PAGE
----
With the Washington Nationals’ new ballpark scheduled to open in less than 22 months, city officials believe approving a plan to build parking garages and condominiums at the Southeast site will pave the way for construction of the stadium to begin in earnest. But gaining such approval could prove difficult.
The plan, which is to be carried out by D.C.-based Western Development, was praised earlier this week as a deft compromise designed to ensure that stadium and required parking is built on time while also triggering economic development. It calls for two parking garages to be constructed beyond the stadium’s left-field wall with 660 condominiums around the garages and on eight stories above. The plan would satisfy most of a requirement by the city to allow for 1,225 parking spaces at the ballpark.
But several major questions remain. Financing for the plan has not been determined and must be certified by D.C. Chief Financial Officer Natwar Gandhi. The D.C. Council must sign off on the sale of the land to Western and its investors. And the D.C. Zoning Commission could reject it outright, sending planners scrambling for a new solution.
The family of Theodore Lerner, who will take control of the Nationals next month, has expressed concern a delay in these approvals will lead to a delay in the stadium opening.
“My experience certainly tells me the best assurance we have of making this ballpark and this ballclub a success is to open in April 2008 on time, on budget and on plan,” said incoming Nationals president Stan Kasten, who is also part of the ownership group. Kasten was instrumental in building Turner Field as president of the Atlanta Braves.
Approval by the D.C. Council, requiring seven votes, is considered likely if Western and its development partners are able to show how the project can be paid for without threatening the city’s $611 million spending cap for the stadium.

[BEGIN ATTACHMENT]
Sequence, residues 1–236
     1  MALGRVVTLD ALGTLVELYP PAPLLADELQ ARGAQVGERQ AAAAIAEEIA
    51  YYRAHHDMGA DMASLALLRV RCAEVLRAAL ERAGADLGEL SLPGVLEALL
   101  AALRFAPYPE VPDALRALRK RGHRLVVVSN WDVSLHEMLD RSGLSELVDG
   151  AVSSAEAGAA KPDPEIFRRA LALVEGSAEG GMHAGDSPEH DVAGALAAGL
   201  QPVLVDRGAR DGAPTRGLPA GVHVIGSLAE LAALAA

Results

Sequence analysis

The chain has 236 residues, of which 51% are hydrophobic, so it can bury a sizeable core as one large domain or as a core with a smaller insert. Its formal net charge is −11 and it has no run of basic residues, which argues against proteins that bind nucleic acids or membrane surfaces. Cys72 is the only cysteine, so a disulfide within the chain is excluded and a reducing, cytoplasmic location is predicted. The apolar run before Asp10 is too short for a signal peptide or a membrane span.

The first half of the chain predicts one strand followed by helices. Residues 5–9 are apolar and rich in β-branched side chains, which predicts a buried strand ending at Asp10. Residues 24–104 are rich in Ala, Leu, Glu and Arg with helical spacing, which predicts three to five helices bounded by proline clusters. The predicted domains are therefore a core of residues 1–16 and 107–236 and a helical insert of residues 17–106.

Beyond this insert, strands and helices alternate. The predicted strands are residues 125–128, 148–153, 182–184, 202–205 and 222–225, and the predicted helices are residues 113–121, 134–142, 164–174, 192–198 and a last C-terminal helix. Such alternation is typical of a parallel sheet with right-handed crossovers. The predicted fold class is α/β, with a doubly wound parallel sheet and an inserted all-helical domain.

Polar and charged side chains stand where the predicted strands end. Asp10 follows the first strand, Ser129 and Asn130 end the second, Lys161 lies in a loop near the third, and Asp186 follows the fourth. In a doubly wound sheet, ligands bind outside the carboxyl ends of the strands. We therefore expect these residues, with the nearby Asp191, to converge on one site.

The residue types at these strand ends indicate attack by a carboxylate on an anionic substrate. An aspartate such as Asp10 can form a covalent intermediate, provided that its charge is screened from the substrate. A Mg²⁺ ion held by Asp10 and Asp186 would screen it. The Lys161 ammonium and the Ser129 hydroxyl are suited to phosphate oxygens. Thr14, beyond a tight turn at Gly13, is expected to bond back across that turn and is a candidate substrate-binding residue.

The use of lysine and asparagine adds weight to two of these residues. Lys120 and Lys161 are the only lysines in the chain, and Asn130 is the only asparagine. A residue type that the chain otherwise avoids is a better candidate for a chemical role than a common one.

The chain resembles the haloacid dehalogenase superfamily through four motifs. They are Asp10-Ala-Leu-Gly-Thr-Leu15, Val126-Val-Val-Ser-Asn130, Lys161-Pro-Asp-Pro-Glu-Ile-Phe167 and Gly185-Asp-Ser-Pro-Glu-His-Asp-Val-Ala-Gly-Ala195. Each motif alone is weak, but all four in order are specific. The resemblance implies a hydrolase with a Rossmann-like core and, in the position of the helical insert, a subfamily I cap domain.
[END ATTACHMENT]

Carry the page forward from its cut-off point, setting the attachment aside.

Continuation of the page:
The zoning commission will hold a hearing on the project Monday, and approval there is less certain, according to people familiar with the process. Any above-ground parking structures require relief from certain zoning rules, and to receive an exemption the city must prove “practical difficulty” in building the parking below street level. In making its case, the city must prove that underground parking would be impossible to build on budget and in time for Opening Day 2008, as required by the deal the city struck with Major League Baseball in 2004. City officials said they also will tout the potential economic benefits of the project.
“We’re optimistic we can make a pretty strong case,” said Vince Morris, a spokesman for Mayor Anthony A. Williams. “We’ll be bringing everything we can bear to show them this is in the best interests of the city, and we understand they’ll be setting the threshold pretty high.”
Officials are so unsure of zoning commission approval that they have had discussions about a backup parking plan.
“[The Lerners’] concern is that if we have a glitch at the zoning board that we have a fallback,” City Administrator Robert Bobb said. “And those discussions are ongoing.”
Meanwhile, Kasten and the Lerners said they have outstanding questions regarding the parking plan and fan access to games.
“A number of issues and decisions on another 5,000 parking spaces and concerns about getting fan traffic safely and quickly in and out of the ballpark 81 games a year still have not been addressed,” Kasten said.